One from the to watch pile…
Film: Most people love Cronenberg for his films like Videodrome and The Fly, and whilst I rate the latter, I’m not the biggest fan of the former. I much prefer his earlier films Shivers and Rabid: those films have a far greater appeal to me.
I do like eXistenZ and Naked Lunch too, but those early films really speak to me. As you can imagine, like most film fiends who hear the word ‘remake’ associated with a film they like, I went into a pre-judicial whine when I heard Rabid was getting one, until I heard the Soska Sisters, whose film American Mary was one I liked, were attached, and my whine turned into a far less bitter fruit punch. I wasn’t happy, but I was willing to cross my arms and shout ‘impress me’ at my TV screen.
The screenplay for this film was also written by the Soska Sisters along with John Serge, who gave us Killer Crush, Killer Mom and The Perfect Soulmate… I guess the name ‘Killer Fan’ was already taken.
Wallflower Rose Miller (Laura Vandervoort) works in the fashion industry for obnoxious designer, Gunter (Mackenzie Grey) and because of her retreating personality, probably due to her facial scars from a car accident, is treated like dirt.
Gunter is having a fashion show and after the After Party, Rose leaves immediately after having an argument with her friend Chelsea (Hanneke Talbot) and is in a horrific accident which causes irreparable facial damage.
… or is it irreparable? Rose receives a mysterious email from The Burroughs Institute about the potential for reconstructive therapy, but it’s not facial reconstruction they perform: its stem cell based hocus pocus, which of course offers a full recovery… but it changes Rose in ways she doesn’t want to face.
Dr Burroughs (Ted Atherton) gives Rose some tablets and ‘protein drinks’ to help her recover, and is warned that they may give her bizarre hallucinations, but her hallucinations seems so real, and the people she is hallucinating about attacking seems to be coming down with a weird, rabies-like disease…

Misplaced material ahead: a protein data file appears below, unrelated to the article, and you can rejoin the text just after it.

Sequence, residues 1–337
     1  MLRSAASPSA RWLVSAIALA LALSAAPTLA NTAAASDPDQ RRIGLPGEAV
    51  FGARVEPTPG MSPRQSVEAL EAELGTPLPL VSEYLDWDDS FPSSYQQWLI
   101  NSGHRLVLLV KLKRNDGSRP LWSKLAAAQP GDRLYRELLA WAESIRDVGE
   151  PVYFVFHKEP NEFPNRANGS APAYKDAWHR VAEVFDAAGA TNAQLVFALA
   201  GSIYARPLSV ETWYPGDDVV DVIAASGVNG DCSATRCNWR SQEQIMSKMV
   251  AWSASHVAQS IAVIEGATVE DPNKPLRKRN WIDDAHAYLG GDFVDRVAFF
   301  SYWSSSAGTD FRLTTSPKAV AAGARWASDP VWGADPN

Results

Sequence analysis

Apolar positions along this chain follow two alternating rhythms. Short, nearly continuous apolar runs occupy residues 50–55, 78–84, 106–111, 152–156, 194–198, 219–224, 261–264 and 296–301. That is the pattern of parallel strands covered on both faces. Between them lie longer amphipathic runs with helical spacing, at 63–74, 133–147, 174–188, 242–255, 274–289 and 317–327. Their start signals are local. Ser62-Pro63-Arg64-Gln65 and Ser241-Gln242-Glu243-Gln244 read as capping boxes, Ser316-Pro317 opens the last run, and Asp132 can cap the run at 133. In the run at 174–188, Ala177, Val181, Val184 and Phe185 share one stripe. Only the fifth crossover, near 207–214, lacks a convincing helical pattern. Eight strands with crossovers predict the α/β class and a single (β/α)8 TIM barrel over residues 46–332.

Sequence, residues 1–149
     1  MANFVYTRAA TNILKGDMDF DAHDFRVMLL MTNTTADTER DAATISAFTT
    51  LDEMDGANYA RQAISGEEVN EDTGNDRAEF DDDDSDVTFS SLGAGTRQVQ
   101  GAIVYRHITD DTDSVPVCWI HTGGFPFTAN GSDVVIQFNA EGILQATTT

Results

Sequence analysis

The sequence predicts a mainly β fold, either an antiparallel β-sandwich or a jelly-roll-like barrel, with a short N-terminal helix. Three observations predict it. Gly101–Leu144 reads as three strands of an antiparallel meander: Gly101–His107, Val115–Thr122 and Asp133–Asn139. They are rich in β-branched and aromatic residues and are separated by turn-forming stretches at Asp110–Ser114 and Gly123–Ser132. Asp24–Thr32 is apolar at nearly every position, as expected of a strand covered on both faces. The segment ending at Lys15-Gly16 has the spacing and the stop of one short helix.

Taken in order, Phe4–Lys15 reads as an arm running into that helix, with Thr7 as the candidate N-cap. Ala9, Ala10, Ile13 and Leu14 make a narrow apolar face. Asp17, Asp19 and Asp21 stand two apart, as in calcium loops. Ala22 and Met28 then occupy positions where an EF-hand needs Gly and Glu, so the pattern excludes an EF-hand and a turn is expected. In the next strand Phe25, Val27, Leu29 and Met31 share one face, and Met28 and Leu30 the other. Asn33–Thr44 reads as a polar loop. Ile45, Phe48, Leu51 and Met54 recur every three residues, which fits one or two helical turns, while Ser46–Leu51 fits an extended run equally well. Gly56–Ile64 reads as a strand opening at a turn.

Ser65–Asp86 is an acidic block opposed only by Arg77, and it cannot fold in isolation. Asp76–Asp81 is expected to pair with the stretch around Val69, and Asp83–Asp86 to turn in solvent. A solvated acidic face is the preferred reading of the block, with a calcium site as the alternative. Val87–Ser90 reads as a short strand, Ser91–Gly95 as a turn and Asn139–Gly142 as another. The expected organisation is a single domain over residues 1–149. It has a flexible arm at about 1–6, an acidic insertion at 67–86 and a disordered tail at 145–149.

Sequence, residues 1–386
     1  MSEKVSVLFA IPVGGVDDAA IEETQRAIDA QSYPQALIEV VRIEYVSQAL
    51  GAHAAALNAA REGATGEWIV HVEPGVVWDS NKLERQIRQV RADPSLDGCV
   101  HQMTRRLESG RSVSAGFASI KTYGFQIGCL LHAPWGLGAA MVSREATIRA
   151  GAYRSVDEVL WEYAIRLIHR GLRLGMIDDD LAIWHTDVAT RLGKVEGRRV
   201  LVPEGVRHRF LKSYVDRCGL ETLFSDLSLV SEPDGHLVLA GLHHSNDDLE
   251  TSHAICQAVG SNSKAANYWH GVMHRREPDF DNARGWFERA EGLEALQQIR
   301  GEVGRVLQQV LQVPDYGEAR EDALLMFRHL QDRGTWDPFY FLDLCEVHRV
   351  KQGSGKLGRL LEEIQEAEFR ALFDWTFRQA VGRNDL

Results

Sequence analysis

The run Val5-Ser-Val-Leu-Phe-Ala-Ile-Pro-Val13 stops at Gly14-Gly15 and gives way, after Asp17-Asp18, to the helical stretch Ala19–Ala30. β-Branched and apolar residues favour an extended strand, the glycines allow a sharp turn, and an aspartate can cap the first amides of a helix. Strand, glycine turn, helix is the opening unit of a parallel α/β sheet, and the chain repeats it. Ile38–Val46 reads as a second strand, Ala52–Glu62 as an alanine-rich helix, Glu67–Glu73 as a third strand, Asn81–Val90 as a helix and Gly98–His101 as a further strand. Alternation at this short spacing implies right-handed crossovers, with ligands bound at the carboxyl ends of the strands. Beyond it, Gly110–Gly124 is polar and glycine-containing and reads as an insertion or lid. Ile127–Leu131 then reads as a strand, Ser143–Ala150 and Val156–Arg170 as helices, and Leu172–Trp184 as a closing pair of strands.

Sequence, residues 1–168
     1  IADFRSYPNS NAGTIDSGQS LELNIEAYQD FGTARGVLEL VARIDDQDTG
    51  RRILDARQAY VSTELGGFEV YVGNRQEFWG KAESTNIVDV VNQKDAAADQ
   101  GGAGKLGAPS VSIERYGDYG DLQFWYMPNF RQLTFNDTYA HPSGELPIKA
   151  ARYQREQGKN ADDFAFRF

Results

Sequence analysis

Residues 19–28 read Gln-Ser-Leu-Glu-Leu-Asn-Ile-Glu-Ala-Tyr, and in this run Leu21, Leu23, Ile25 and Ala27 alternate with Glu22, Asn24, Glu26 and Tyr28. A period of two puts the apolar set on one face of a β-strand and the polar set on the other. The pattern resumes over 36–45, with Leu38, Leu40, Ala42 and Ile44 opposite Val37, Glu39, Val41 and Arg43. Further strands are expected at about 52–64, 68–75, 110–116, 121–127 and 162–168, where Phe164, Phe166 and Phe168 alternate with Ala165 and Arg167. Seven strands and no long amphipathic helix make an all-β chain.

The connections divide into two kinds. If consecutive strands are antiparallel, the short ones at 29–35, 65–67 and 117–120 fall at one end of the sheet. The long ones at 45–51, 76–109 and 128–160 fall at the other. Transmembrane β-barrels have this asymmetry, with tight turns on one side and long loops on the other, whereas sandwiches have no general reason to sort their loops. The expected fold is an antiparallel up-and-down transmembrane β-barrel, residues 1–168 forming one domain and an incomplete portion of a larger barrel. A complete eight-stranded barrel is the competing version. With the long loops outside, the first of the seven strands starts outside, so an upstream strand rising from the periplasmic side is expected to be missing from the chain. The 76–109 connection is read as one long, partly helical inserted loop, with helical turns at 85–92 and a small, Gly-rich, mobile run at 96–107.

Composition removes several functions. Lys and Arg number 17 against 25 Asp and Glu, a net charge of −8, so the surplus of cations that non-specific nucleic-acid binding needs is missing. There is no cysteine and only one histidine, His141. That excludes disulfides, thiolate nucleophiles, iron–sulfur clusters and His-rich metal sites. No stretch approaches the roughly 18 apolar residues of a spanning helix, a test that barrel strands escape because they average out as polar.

Ok, so the first problem with this film is it’s star. Sure, it’s a good performance, but like teen movies of the 80s and 90s, when the wallflower is revealed to be a great beauty, it’s a false reveal, because even with the light scar facial effects and blotchy make-up, Vandervoort is still absolutely gorgeous.
My next issue with the film is it’s decision to just play along with the expected tropes of bitchy industry professionals, flamboyant fashion designers, asshole TV directors, and the horrifying ‘oh my god, she’s so successful now she’s beautiful’ plot device. I honestly couldn’t tell if the Soska Sisters were pulling the piss out of those cliches, we’re paying homage to them or were unaware they existed. Either way, it didn’t work very well.
It’s not all bad, though. The make-up on Rose after her accident is horrifying, and some of the other gore effects are nice and chunky.
Possibly the most terrifying thing about this film is the medical professional reaction to a viral outbreak. At this point in time it seems unfortunately real.
Also, considering this is a remake of Cronenberg’s film, there are some fun tributes to him throughout, such as the medical scrubs from Dead Ringers, and the concept of calling an institute that deals with altering bodies ‘The Burroughs Institute” and it’s head scientist/ doctor ‘William Burroughs’ was a nice tribute to the author William S. Burroughs, who wrote Naked Lunch, an unfilmable film made by Cronenberg.
This film is OK at best, and all the way through watching it, all I could think of was how much I wished I was watching the original, or Shivers, or Dead Ringers, or something ‘body horror’ more original than an average remake.
Format: This film was reviewed on the Australian R4 release which runs for approximately 104 minutes and is presented in a clear 1.85:1 image with a matching Dolby digital 5.1 soundtrack. I would have rathered a super Bluray release with a bunch of extras.
Extras: Absolutely nothing, well unless you count the trailer for The Final Wish before the film. It is a shame there is none as I would have liked to have heard the Soska Sisters thoughts on Cronenberg’s original and their ideas to remake it. Oh well, screw you, movie fans, you don’t deserve that.
WISIA: Probably not.